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What are the Different Types of Brain Injuries, and How Severe Can They be?

What are the Different Types of Brain Injuries, and How Severe Can They be?

Car crashes can cause many different types of brain injury. These brain injuries are classified based on the type of accident and their overall severity. This information is important to understand if plaintiffs are filing personal injury lawsuits, as this medical classification system can provide accurate information. For example, if a brain injury is classified as being extremely serious by a medical professional, there is a high chance of long-term, disabling consequences. As a result, a plaintiff’s settlement should reflect these serious consequences.  

For non-medical professionals, the medical terminology that surrounds brain injuries can seem confusing and overly complex. However, it is important to try and develop a firm understanding of how medical professionals sort and rank brain injuries. A more complete understanding of this system can allow both attorneys and injury victims to approach their personal injury lawsuits in a more efficient, confident manner.  

The Glasgow Coma Scale 

For medical professionals dealing with brain injuries, one of the most useful classification systems is the Glasgow Coma Scale, otherwise known simply as “GCS.” This is a scoring system used to describe a person’s level of consciousness after they have suffered a traumatic brain injury (TBI). With this scoring system, doctors can accurately describe to each other just how bad a brain injury is. The GCS is especially useful for first responders who arrive at the scene of a crash and assess patients. After determining the GCS score of the brain injury victim, they can communicate these scores to hospital staff so they immediately know how to best respond.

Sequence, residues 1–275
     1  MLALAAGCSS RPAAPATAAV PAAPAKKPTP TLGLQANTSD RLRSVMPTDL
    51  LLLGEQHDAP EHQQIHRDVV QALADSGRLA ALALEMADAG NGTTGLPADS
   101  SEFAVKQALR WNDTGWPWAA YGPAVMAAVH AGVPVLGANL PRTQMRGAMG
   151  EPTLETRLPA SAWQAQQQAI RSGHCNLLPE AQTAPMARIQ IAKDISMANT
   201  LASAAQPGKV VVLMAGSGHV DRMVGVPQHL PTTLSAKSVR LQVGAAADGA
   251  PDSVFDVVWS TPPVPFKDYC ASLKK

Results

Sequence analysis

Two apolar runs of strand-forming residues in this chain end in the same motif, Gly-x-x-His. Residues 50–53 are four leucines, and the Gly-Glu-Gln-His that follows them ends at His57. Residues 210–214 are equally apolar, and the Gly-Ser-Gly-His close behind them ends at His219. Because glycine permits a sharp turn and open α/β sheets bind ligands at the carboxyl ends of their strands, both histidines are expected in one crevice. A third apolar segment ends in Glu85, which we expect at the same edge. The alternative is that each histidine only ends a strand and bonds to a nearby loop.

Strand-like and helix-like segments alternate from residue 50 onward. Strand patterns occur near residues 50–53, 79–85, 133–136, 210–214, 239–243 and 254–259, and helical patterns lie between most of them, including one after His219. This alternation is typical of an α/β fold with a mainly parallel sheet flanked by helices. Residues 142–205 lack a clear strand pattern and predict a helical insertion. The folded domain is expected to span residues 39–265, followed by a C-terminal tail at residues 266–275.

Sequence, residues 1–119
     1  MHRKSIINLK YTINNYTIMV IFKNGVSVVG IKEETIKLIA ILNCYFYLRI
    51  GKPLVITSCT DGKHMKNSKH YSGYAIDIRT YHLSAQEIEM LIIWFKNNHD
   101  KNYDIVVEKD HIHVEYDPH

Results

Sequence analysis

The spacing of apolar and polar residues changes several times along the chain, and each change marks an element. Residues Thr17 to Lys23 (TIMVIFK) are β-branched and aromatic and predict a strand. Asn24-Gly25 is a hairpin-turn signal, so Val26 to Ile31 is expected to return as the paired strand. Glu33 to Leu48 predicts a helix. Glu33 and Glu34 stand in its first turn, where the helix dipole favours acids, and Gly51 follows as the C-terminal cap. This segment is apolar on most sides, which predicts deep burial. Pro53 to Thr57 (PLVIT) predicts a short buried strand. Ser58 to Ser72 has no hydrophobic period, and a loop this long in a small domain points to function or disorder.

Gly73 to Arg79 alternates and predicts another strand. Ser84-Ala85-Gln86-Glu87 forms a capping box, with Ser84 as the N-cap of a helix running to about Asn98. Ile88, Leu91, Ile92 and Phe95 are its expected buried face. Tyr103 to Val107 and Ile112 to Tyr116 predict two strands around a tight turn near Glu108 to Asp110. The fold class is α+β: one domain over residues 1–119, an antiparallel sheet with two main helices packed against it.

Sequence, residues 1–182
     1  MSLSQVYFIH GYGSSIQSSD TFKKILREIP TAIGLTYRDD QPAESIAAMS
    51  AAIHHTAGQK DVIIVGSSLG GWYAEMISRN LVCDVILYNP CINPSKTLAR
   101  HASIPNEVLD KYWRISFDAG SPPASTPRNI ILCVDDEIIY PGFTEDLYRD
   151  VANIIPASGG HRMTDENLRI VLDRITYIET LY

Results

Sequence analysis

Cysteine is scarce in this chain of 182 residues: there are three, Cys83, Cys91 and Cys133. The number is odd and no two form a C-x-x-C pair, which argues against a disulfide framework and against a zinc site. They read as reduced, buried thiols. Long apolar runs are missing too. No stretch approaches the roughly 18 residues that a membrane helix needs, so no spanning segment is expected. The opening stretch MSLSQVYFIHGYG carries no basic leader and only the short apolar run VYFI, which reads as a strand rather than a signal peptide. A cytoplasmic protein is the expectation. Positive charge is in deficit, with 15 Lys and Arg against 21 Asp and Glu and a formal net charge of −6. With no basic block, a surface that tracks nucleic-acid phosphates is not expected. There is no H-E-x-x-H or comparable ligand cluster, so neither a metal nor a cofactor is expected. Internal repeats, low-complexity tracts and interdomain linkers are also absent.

• Eye Opening: The first category that the GSC measures is eye-opening. If a patient can open their eyes spontaneously, the score is 4. If they open their eyes in response to sound, the score is 3. If they open their eyes in response to pressure, the score is 2. No eye-opening results in a score of 1. 
  • Verbal Response: The GSC also measures a patient’s ability to speak. A verbal response score of 5 occurs when a patient can speak in an oriented manner. If their words are confused, the score is 4. If they are speaking incoherently, the score is 3. If they can only make sounds without forming words, the score is 2. If they are completely incapable of speaking, the score is 1.